## FANDOM

225 Pages

In calculus, the power rule is one of the most important differentiation rules. Since differentiation is linear, polynomials can be differentiated using this rule.

$\frac{d}{dx} x^n = nx^{n-1} , \qquad n \neq 0.$

The power rule holds for all powers except for the constant value $x^0$ which is covered by the constant rule. The derivative is just $0$ rather than $0 \cdot x^{-1}$ which is undefined when $x=0$.

The inverse of the power rule enables all powers of a variable $x$ except $x^{-1}$ to be integrated. This integral is called Cavalieri's quadrature formula and was first found in a geometric form by Bonaventura Cavalieri for $n \ge 0$. It is considered the first general theorem of calculus to be discovered.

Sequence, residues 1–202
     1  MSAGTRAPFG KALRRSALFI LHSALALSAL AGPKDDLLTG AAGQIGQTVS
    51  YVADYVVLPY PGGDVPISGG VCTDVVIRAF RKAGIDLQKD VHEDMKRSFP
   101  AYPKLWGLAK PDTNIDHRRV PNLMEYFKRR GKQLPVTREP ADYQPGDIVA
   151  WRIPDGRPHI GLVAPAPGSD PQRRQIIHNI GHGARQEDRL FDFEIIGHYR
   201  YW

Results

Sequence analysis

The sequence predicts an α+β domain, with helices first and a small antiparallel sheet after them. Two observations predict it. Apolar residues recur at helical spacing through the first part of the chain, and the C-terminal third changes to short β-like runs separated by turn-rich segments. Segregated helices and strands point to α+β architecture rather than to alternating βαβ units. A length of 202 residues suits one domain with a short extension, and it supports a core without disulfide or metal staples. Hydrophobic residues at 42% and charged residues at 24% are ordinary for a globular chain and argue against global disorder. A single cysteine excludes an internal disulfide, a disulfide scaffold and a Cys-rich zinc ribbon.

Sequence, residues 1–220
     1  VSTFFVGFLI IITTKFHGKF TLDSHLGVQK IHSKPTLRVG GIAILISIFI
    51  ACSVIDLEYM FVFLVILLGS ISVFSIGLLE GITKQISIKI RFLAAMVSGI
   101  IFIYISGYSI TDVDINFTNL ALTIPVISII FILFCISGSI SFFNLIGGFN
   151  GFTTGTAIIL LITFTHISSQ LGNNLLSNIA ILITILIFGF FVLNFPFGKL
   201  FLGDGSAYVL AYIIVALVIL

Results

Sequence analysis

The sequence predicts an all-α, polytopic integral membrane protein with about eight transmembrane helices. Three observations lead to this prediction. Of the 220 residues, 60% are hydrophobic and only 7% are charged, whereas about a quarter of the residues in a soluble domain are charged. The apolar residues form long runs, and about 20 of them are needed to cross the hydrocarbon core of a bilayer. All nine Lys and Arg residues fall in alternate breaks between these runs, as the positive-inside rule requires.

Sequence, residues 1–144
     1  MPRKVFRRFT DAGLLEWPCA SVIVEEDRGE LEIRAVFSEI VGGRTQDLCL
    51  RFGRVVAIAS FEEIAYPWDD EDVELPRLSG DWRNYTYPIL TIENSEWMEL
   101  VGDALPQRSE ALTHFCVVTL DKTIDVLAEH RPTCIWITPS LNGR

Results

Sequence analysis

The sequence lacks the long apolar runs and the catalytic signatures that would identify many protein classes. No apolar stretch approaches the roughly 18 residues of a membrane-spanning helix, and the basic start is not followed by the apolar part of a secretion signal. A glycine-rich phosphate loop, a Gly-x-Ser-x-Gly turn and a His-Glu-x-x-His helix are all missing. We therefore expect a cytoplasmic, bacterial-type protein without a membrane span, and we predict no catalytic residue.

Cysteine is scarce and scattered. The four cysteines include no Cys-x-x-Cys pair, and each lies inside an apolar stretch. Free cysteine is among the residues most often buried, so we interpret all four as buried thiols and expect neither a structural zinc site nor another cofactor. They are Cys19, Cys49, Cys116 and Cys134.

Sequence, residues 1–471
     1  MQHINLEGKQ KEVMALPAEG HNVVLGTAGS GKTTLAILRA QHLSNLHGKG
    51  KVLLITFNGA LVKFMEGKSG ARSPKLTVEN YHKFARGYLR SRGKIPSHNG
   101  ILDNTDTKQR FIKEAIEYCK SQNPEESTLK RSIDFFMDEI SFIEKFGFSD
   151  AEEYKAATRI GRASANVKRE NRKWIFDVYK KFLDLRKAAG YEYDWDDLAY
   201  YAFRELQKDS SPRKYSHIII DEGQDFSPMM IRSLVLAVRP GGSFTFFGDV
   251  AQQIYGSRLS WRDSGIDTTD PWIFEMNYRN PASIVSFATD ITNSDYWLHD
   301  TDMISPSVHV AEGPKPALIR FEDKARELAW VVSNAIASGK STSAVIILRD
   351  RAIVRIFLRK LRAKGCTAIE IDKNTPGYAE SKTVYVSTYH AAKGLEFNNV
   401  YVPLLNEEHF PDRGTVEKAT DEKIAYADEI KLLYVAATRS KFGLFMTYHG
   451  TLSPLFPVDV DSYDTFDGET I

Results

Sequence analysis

$\int\! x^n \,dx= \frac{ x^{n+1}}{n+1} + C, \qquad n \neq -1.$

This is an indefinite integral where $C$ is the arbitrary constant of integration.

The integration of $x^{-1}$ requires a separate rule.

$\int \! x^{-1}\, dx= \ln |x|+C,$

Hence, the derivative of $x^{100}$ is $100 x^{99}$ and the integral of $x^{100}$ is $\frac{1}{101} x^{101} +C$.

## Problems

A simplified method for calculating the power rule formula.

$\frac{d}{dx} x^7 = nx^{7-1} , n=7x^6.$

step 1: multiply 7 x 1 which equals 7 and place the product (answer = 7) in front of "x".

step 2: subtract 7 minus 1 = 6 which equals its exponent.